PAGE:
Note that we have already heard much use of the words idiot and fool, reflecting the adolescent mindset of much of the characters. Name-calling is a childhood weapon, a means of establishing dominance. Coupled with the amateurish, child-like play fighting that passes for action in the movie, we feel that in this dream, every male character in the film is a child, and this is all dream/play or regressive drama therapy.

Fade to morning of the next day as Gilmore cracks open his morning paper to read the headlines: Evidence of Brute Force in Slaying of Policeman! He puts down his paper to answer the phone. A delighted Dexter is on the line, voice laden with false pathos over the incident; "its terrible."


"I was just about to finish my breakfast and go to the police," Gilmore replies, passionlessly. You would think the fact that a prehistoric man he helped thaw out has recently murdered a policeman might inspire him to phone the cops before continuing with his breakfast, even cause him to raise his voice, but not our Gilmore. There is then a very long pause in the film as Gilmore seemingly listens to something Dexter is saying, but the blankness on Carradine's face is astonishing. More than ever, in these long seconds of dead air, our conception of Gilmore as a civilized automaton is affirmed. Eventually he agrees to come right over and help Dexter dispose of the ape man.

On the way out his wife reminds him don't forget the concert this afternoon. The matriarchal overseer is cracking her whip in a gentle reminder that, though ape-men may run rampant at the Dexter house, Gilmore is one monkey who is most definitely on a leash.
Down in the basement Gilmore refuses to shake hands with Dexter. I wouldn't have come for any other reason than the killing of the ape he says. The civilized adult will not return for any reason except to destroy forever the reminder of his savage past. He has agreed to reverse his forward evolution and re-enter the basement of adolescent experimentation only if it will mean permanently silencing the jailed savage within. Of course, this is a trap that civilized man has been falling into time and time again throughout history. And on cue, Dexter paralyzes him. "So my self-righteous friend was going to tell the police, eh? You trusting, stupid fool." Gilmore is now the fool, and will become the idiot, a fate he saved his future son-in-law from the night before.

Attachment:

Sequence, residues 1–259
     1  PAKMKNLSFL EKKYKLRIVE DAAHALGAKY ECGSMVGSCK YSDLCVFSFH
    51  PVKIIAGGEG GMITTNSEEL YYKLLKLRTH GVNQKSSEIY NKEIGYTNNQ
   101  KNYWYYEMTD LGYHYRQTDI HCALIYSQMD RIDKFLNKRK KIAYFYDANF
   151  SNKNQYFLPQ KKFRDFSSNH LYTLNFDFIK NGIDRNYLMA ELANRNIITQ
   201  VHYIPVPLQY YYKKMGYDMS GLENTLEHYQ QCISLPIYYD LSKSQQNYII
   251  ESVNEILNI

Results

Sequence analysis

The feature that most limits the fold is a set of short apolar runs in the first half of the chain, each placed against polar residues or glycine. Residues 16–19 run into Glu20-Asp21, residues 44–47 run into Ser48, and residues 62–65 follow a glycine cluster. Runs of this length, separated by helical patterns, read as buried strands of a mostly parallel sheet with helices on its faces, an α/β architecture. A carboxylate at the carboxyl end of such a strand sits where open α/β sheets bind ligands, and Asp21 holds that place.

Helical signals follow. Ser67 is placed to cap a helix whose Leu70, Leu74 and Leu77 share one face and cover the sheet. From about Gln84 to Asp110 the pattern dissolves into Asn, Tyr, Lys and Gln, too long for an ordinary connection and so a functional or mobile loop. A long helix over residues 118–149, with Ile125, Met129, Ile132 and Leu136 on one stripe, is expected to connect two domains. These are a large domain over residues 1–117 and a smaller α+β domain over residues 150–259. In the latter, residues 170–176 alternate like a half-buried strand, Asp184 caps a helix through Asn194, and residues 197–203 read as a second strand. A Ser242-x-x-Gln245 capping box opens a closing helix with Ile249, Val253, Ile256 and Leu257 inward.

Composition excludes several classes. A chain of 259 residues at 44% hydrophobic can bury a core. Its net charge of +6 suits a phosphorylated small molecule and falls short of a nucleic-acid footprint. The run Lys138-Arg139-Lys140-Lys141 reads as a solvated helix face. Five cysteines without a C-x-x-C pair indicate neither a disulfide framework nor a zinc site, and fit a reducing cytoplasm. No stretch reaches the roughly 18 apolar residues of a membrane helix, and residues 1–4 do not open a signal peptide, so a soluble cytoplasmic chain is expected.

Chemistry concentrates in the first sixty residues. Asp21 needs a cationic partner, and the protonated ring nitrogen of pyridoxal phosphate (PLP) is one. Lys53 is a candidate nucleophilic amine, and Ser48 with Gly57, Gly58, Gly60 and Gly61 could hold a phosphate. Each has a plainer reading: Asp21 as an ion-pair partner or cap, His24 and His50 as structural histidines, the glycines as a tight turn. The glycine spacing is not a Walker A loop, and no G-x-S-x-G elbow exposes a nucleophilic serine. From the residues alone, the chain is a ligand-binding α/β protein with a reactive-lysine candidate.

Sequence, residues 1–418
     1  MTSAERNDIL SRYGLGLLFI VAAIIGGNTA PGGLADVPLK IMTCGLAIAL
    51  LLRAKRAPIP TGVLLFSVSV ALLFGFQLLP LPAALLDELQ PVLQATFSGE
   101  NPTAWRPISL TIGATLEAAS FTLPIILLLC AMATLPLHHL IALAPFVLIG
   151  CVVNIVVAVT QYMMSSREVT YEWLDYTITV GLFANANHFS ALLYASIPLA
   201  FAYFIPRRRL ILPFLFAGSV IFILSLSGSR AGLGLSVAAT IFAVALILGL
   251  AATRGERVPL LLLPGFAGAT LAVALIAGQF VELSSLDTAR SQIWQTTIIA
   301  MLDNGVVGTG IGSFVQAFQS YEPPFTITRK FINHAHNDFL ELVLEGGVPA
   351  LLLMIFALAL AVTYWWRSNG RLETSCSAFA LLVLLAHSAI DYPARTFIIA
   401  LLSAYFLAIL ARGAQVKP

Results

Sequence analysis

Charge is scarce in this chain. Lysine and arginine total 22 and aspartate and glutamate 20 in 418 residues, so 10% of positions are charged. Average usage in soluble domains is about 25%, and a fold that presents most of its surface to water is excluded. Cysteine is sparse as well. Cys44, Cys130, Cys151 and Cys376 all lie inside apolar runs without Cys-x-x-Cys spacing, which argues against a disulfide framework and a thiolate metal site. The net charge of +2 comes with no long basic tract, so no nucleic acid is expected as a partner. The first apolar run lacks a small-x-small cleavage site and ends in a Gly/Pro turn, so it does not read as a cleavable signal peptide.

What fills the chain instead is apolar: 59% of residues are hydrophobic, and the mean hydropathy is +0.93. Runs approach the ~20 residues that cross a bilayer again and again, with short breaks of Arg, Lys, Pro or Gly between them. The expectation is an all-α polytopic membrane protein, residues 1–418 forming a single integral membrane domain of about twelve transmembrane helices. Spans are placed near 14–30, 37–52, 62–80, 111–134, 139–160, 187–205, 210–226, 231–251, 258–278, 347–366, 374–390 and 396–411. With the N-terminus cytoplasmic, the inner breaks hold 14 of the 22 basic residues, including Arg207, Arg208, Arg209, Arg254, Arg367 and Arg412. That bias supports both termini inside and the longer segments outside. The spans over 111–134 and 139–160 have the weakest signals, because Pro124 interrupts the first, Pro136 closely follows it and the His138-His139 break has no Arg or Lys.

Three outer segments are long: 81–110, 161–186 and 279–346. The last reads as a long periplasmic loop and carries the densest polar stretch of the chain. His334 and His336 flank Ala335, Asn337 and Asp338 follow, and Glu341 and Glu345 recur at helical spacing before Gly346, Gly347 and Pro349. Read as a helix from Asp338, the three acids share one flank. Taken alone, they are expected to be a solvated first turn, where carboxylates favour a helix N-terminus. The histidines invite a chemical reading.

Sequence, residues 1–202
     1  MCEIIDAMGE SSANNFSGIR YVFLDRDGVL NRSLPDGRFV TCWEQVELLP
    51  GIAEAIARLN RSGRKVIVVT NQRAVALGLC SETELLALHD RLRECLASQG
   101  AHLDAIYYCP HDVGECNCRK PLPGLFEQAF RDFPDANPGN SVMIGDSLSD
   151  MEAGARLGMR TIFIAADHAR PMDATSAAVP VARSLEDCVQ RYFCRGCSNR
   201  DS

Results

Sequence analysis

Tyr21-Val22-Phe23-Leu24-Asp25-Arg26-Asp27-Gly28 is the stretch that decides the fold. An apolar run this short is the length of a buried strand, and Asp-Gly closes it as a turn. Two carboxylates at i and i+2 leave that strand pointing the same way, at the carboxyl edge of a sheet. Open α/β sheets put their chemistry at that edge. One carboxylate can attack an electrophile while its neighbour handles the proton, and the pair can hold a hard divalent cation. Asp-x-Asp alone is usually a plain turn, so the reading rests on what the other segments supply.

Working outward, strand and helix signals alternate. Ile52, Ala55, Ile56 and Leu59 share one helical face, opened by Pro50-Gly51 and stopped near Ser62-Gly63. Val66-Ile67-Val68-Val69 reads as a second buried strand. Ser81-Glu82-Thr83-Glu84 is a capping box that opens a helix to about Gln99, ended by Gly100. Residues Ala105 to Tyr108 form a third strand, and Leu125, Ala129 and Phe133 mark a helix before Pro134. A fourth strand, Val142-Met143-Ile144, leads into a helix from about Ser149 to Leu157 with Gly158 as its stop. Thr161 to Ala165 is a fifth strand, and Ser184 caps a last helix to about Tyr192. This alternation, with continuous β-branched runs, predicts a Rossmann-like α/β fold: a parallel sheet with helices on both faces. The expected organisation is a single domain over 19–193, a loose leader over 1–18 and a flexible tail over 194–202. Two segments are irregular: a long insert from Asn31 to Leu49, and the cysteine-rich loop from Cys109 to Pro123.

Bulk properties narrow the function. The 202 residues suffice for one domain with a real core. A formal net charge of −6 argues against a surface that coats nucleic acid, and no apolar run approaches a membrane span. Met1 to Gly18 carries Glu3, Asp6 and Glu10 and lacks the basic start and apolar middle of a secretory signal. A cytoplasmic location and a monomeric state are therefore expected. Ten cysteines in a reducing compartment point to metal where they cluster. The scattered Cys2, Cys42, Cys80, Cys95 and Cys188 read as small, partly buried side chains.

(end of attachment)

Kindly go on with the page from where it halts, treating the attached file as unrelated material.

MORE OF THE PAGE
Dexter begins to bind the paralyzed Gilmore in one of the most unconvincing tie-up jobs in screen history. "The ape man, after Ive finished with him, will no longer have the primitive instinct to kill," Dexter explains. "He'll be a righteous citizen, just like you are you know why? because part of your brain, the righteous part, will be in him."

The ape man with Gilmore's brain will be similar in many ways to Dexter himself, an incorporation of civilized and savage elements. Dexter predicts sarcastically that he will be even better, since he will have morals. Though he is hardly tied up at all, Gilmore cannot resist Dexter's commands, displaying only tired resignation. "I'm glad its me," he confesses. "I feel partly responsible for this whole mess." The complete repression of his natural instincts has caused a riff in the masculine psyche of which all the male characters in the film are somehow part. In allowing himself to become isolated at the top of the civilization ladder, he has let himself grow stagnant as a man.